Istanbul Boardgame Review: Family Strategy

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<i>Istanbul</i> Boardgame Review: Family Strategy

Istanbul won 2014’s Kennerspiel des Jahres award, given to the best advanced-strategy game of the year, previously won by 7 Wonders and Village. The award is now separate from the Spiel des Jahres, which honors the best family-strategy or mainstream game of the year, and went in 2014 to Camel Up. Istanbul is a great game, worthy of some honor here, but it’s not a particularly advanced or difficult game, easily understood by my eight-year-old daughter (although she’s pretty sharp, in my unbiased opinion), and probably would have been a better choice for the mainstream prize rather than the expert-level game award.

In Istanbul, players represent merchants in a Turkish bazaar who work to be the first to acquire five rubies (six in a two-player game) and win the game. Players move around a 4×4 board of tiles with the help of their assistants, acquiring goods and lira (coins) that can eventually be swapped for rubies, or can be used to fulfill certain other tasks that will earn one ruby each. The board can change each game, and the presence of two different types of currency means there are several varying paths to victory, all readily apparent upon one or two plays—at least three rough strategies: money-centric, goods-centric, and one built around achievements.

The game’s biggest twist is in the movement mechanic; each player’s movement token is actually a stack of tokens, the merchant itself (a slightly fatter disc than the rest) and four slimmer assistant discs, with the player leaving one assistant on each tile s/he visits—unless there’s already one of his/her assistants there, in which case the player can pick it back up. On each turn, the player may move the token stack one or two tiles horizontally or vertically. Once a merchant is out of assistants, the player can move but can’t take any actions until s/he regains one or more of the assistant discs, by revisiting a tile with one on it, by using a bonus card or tile to reclaim one, or by going to the Fountain tile and immediately regaining all of his/her assistants in one shot. That mechanic makes route-planning a central part of the game—you’ll have to retrace your steps on occasion, or you’ll give up every fifth move to go recollect all your peeps. (You can also add one more assistant during the game, which would at least push that to every sixth move.)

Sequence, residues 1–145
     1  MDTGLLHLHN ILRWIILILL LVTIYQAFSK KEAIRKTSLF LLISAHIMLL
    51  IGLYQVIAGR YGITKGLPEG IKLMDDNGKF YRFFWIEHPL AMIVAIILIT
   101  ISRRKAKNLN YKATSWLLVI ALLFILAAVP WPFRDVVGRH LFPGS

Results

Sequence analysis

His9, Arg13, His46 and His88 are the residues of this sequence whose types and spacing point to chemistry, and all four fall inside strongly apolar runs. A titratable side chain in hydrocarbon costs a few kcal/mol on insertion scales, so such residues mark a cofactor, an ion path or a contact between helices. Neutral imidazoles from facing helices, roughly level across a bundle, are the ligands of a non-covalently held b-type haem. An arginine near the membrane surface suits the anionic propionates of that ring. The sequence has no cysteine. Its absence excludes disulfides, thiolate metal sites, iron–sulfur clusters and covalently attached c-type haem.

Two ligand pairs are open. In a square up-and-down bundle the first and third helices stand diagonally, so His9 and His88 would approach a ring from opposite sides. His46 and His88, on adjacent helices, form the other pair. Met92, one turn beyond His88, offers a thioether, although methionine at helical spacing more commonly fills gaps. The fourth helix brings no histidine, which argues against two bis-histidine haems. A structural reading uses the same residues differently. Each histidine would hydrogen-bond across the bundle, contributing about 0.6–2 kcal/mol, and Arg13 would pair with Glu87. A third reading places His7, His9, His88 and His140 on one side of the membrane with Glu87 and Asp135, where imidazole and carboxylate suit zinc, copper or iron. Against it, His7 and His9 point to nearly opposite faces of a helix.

You do have one more piece on the board, your “family member,” who is really more the black sheep because he starts out in jail, on the Police Station token. If you move to the Police Station, you can free (break out?) your family member and send him to any tile on the board to take that tile’s associated action. Of course, that makes him a fugitive; if any other player lands on the tile where your family member is on the lam, s/he can send your cousin back to the clink and collect a reward of 3 lira. Still, the family member allows you to make a move beyond the two-tile limit, and helps you avoid the fee associated with bumping into a rival merchant. Those undesirable meetings, called “encounters,” also cost you—2 lira to every other merchant on the tile where you land. With limited spaces to acquire certain goods, you’ll often have to reroute yourself if you’re too cheap or too broke to pay—and if you can’t or won’t pay, you can’t take the tile’s action.